March 3, 2023 - 5:11pm

Despite the breadth and intensity of the ongoing political protests in Israel, Prime Minister Binyamin Netenyahu’s coalition — in possession of 64 of the seats in the 120-member Knesset — has the support of just over half the electorate.

And it draws on a diverse range of demographics, including ultra-Orthodox Haredim, West Bank settlers, and the Mizrahi and Ethiopian working class; the ‘left behinds’ of peripheral Israel. In fact, Israel is one country where the darker your skin colour, the more conservative your politics are likely to be.

In fact, there are many nations around the world where conservative and authoritarian leaders came to power through harnessing the support of ethnically diverse, or entirely non-white, working- and lower middle-class voters. 

These include Brazil under Jair Bolsonaro — where at one point a whole one-third of the former president’s party in Congress was non-white, a much higher proportion than that of Labour in the UK or the Democratic Party in the US. Other examples include Recep Tayyip Erdoğan in Turkey, Narendra Modi in India, and more recently Ron DeSantis in Florida. All have shown the potential of conservatives to mobilise a broad-based, multi-ethnic, working- and lower-middle class support.

It highlights a potential problem for Left-wing and liberal parties: demography is not destiny, and increasingly diverse societies will not by themselves produce increasingly liberal or redistributive policies. 

We are seeing this with Hispanic voters in the US, and we may yet see it with black and Asian Britons: as the political scientists Rob Ford and Marie Sobolewska point out in their book Brexitland, the current support of most ethnic-minority Britons for the Labour Party is contingent and by no means permanent. It is easy to see the current alliance between ‘white identity liberals’ and ethnic minorities breaking down over the next few decades, with the potential result of the Left in both the UK and the United States becoming as isolated and impotent as it is in Israel.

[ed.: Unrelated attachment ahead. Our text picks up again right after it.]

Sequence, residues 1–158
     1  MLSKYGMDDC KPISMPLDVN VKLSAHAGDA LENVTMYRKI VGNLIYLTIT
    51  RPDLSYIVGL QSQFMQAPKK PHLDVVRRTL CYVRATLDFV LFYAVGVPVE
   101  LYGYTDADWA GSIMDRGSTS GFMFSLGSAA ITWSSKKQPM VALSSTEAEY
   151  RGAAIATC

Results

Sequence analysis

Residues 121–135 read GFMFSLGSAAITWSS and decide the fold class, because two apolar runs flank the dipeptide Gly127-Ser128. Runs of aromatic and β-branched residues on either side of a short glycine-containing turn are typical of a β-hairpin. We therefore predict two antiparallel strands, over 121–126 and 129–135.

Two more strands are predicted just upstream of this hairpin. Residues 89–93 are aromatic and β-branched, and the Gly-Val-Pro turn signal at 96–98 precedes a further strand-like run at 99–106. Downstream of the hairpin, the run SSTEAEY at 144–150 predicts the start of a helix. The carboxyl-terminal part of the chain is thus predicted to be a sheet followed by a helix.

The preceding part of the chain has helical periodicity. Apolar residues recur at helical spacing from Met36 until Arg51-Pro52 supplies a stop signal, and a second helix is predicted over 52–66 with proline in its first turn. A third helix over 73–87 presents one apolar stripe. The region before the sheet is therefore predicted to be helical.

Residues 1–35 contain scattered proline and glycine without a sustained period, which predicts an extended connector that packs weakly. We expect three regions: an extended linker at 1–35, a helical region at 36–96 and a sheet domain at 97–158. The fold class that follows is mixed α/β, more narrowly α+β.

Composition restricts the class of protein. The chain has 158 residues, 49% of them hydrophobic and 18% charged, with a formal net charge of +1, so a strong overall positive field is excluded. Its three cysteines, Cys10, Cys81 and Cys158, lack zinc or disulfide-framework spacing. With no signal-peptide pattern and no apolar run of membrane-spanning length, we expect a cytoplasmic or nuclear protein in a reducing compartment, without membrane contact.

The situation in Israel today therefore provides a salutary warning of a possible future for the Anglo-American Left: a multi-racial working and lower middle-class voting for conservative and populist politicians while a marginalised Left reliant on white postgraduates is shut out of political power. Because, while there is plenty of evidence that the general population is becoming more liberal on a host of issues, they will only catch up with the activist base of Left-wing parties if the latter do not themselves become ever more radical. 

The case of Israel also tells us that this would not be helped by proportional representation, which far from guaranteeing that a ‘progressive alliance’ would dominate politics, might instead allow a small number of religiously devout voters to serve as kingmakers and exert a political influence vastly disproportionate to their numbers.

In a PR system, a UKIP/Brexit Party-style social conservative party might win 5-10% of the seats in Parliament. PR would presumably lead to the emergence of new parties, and hence the possibility of a ‘religious rights’ party opposed to abortion and LGBT rights winning a few seats — and potentially holding kingmaker power, forcing concessions from the Conservatives in exchange for their support. 

To avoid the irrelevance of the Israeli Left, social democratic parties around the world would therefore do well to avoid divisive ‘culture war’ topics, and instead focus on the socio-economic issues that can consistently win support among a majority of the population.

David Swift is a historian and author. His next book, Scouse Republic, will be published in 2025.